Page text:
Upon finishing my reading of the play, I add further comment
The show was first produced in 1988 by Nightwood Theatre at Toronto Annex theatre. Since then it has toured nationally to venues around Canada, and won the Governor General's Award for Drama.
The play is extremely humourous, particularly because of it's method of recasting typically serious Shakespearian characters by developing their personalities. Amazingly accurate to the original text, the play is extremely carefully written, which Constance comments on when she notes,
I speak in blank verse like the characters:
unrhymed iambical pentameter.
It seems to come quuite nat'rally to me.
Anywhere possible, MacDonald uses original lines from both plays, and manipulates well known scenes (i.e. the famous "balcony scene" in Romeo and Juliet). The humour is light and if you have read both Othello and Romeo and Juliet, and know abit about Shakespeare, the experience will be enhanced though it's not necessary. For instance, in Act III Scene ix, Desdemona is wandering through a graveyard and reads a couple of lines off a tombstone. She is actually reading part of the curse the bard but on his tombstone, which reads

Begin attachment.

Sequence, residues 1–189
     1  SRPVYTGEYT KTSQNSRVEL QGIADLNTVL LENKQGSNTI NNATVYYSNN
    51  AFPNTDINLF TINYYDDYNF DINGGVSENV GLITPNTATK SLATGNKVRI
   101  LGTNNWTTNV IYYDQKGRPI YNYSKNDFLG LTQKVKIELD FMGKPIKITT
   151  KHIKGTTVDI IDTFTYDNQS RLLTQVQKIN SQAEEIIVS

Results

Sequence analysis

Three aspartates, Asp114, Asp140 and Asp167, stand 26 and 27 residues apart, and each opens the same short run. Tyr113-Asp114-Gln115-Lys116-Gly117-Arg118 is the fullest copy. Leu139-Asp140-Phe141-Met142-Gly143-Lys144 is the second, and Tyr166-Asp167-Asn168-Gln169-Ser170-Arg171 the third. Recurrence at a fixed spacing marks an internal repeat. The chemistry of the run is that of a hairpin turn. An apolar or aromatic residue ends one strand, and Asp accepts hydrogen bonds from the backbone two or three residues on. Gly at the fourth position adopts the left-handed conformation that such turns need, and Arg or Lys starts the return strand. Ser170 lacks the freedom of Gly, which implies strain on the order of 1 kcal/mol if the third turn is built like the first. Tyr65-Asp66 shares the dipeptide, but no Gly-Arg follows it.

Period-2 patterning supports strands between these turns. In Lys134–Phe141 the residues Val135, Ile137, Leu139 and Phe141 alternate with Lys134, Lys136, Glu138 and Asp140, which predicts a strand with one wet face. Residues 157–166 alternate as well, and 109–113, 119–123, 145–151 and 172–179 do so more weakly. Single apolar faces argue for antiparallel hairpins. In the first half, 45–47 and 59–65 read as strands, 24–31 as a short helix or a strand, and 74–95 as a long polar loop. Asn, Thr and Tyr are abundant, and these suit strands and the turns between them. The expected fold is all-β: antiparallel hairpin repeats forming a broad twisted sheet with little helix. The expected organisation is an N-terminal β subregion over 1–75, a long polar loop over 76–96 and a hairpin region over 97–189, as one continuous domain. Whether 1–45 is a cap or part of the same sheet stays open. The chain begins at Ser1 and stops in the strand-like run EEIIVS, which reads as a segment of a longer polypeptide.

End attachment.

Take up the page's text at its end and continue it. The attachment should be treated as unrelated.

Good friend for Jesus sake forbear,
To dig the dust enclosed here.
Blessed be the man that spares these stones,
And cursed be he that moves my bones.
Constance's journey could be read in various ways. The characters could all be figments of her unconscious, and the journey representing a trip through the mind. Or the play could be taken at face value. In any case, it is a fun, humourous play that I found to be very different from MacDonald's later work. A very good read for those devoted to Shakespeare or anybody who enjoys a well-written play.